Keith Alan Baker Steps Down as Studio Theatre Managing Director

A managing director shakeup at the D.C. theatre replaces three-decade veteran of the theatre with newcomer Meridith Burkus. Update: Keith Alan Baker comments on the transition.

WASHINGTON, D.C.: There’s a management change happening at Studio Theatre. Keith Alan Baker has stepped down from the positions of managing director and artistic director of Studio 2ndStage. Meridith Burkus, the theatre’s director of strategic initiatives, has been promoted to replace him in the managing director post.

Baker was a longtime presence at the Studio, having worked aside Studio founder Joy Zinoman. He first joined the theatre in 1986 as a house manager and directing student at the Studio Theatre Acting Conservatory. Two years later, he was appointed as artistic director of Studio 2ndStage, the theatre’s production series for emerging and national talent.

On his transition, Baker said in an email to American Theatre: “I am extremely proud to have been part of [Studio Theatre’s] growth—both artistically and institutionally—over the past 28 years…. Working with the many artists, teachers, board members, donors and patrons of the Studio community, we created a legacy of artistic excellence and entrepreneurial spirit during the explosive growth here on 14th Street NW in Washington DC, the nation’s capital.

“I am also profoundly proud of the artistic output of Studio 2ndStage—a program dedicated to nurturing emerging and established theatre artists—and its impact on the growth and vitality of the DC theatre community over the past 26 years.”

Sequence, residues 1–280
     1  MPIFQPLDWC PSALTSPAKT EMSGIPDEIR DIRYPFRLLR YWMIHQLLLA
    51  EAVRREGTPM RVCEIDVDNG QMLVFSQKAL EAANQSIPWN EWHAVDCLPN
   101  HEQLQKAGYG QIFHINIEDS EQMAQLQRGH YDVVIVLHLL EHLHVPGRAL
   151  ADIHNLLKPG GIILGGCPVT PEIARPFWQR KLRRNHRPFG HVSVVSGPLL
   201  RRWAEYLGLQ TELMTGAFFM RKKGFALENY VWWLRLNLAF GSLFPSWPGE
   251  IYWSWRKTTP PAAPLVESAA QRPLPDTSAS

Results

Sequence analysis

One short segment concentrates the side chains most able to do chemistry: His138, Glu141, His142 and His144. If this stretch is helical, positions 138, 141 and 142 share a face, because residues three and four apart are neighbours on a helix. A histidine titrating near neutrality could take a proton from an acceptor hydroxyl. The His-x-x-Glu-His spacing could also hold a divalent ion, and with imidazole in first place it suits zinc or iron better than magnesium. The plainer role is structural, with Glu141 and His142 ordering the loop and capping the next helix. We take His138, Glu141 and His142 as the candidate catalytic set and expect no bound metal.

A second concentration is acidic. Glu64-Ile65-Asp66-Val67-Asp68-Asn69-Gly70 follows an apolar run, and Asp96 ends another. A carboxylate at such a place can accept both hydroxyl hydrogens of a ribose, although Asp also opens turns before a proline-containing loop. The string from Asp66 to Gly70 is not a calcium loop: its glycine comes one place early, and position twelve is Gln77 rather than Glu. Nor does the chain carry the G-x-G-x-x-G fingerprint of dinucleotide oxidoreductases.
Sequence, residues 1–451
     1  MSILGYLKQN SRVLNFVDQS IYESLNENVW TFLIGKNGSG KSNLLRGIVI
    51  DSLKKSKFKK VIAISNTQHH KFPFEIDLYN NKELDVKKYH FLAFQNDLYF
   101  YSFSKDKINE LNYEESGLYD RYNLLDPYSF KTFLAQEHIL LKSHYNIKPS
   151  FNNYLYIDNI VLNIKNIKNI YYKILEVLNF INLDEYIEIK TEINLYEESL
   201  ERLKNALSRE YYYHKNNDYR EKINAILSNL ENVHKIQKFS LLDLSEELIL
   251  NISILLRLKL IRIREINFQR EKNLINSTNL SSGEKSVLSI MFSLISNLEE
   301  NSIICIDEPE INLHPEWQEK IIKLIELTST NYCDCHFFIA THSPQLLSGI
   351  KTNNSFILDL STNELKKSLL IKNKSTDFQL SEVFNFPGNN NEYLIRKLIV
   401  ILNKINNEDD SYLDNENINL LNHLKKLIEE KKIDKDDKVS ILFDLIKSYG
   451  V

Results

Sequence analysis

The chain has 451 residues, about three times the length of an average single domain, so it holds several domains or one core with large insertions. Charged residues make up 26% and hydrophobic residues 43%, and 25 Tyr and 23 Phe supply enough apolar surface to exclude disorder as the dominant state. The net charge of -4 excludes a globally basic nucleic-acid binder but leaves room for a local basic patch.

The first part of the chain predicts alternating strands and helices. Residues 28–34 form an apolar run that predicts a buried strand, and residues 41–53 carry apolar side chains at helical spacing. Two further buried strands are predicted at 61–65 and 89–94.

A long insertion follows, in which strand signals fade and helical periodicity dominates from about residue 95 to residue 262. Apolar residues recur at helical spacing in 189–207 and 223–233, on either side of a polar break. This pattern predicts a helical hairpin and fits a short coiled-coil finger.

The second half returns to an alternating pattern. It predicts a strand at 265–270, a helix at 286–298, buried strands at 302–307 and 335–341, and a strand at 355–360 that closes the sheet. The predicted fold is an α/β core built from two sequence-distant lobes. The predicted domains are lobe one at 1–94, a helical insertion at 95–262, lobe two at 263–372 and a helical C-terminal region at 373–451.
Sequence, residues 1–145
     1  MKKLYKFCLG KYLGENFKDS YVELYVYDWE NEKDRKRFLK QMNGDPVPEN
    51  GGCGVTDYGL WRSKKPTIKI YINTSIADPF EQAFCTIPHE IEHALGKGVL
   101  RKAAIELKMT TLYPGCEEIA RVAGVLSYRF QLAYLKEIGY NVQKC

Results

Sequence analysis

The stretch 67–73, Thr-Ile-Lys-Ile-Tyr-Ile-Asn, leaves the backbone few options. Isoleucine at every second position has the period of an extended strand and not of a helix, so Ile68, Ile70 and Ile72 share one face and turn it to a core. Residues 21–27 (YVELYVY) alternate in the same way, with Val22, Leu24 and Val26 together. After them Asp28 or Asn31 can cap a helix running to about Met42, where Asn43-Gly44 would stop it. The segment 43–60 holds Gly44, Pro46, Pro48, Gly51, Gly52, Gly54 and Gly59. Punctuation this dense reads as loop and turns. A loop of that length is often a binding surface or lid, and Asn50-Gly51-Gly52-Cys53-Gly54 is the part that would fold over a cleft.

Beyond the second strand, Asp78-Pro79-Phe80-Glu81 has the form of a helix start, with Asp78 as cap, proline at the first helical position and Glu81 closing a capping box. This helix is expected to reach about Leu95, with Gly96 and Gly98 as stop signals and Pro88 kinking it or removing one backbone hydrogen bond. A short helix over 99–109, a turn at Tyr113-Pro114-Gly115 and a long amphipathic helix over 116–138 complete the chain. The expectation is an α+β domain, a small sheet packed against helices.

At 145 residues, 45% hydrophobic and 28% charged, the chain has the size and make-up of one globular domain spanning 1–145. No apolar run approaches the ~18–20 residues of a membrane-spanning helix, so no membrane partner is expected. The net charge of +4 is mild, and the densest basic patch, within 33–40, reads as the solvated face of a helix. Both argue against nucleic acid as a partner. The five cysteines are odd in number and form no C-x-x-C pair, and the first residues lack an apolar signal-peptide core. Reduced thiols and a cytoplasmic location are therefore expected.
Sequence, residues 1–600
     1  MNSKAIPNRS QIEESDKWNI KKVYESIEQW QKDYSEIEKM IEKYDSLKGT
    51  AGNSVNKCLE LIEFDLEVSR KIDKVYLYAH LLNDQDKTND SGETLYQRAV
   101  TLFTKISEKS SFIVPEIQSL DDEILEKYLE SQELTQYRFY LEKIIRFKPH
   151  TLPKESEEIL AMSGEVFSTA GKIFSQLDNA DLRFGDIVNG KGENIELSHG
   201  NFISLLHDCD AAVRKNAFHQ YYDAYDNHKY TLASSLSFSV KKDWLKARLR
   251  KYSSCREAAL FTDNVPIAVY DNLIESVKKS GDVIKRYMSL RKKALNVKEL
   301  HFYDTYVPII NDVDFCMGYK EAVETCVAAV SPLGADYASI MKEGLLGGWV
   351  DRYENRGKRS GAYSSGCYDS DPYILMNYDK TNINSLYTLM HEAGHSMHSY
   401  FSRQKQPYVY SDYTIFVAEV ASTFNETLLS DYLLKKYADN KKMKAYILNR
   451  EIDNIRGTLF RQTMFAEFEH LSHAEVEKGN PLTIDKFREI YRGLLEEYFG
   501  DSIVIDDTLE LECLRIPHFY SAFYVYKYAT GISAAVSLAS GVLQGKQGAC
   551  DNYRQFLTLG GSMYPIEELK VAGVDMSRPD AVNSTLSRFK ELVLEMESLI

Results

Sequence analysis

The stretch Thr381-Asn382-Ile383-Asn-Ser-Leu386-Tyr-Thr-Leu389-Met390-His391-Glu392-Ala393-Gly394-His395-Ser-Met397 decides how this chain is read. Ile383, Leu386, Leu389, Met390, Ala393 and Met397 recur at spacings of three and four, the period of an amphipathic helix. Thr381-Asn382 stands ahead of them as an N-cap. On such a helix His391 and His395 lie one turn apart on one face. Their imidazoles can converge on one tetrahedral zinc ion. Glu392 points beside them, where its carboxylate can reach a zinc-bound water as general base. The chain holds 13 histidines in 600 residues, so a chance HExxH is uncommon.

Alongside Zinoman, Baker oversaw a number of the theatre’s major expansions, from its transformation to a two-theatre facility in 1997 to its growth into a four-theatre complex in 2004.  He was appointed managing director in 2003.

Meridith Burkus
Meridith Burkus

His replacement, Meridith Burkus, joined the theatre in May. She was previously the director of external relations at StoryCorps, the Peabody Award–winning radio program and national oral history project. She also served for five seasons as director of individual giving for New York’s Public Theater.

“It’s an honor to step into the role as Studio’s managing director at this moment in its history. I’m impressed by the breadth and depth of Studio’s work, as well as its legacy in revitalizing the 14th St neighborhood over the last three decades, all of which owes a great debt to Keith’s leadership,” said Burkus via e-mail. “We’re a great organization that produces world-class theatre in a vital neighborhood, and has expanded its offerings without having expanded its funding base—which gives me an exciting opportunity to energize new audiences and funders about our work. Studio is poised to make an impact on our neighborhood and city, as well as the field at large.”

Following Baker’s departure, artistic director David Muse will assume programming leadership of all of Studio’s programming. Speaking of his post-managing director plans, Baker said, “I am looking forward to taking some time off, and exploring personal and professional opportunities—a bit of a sabbatical.”

*This post is an update of a previous story.

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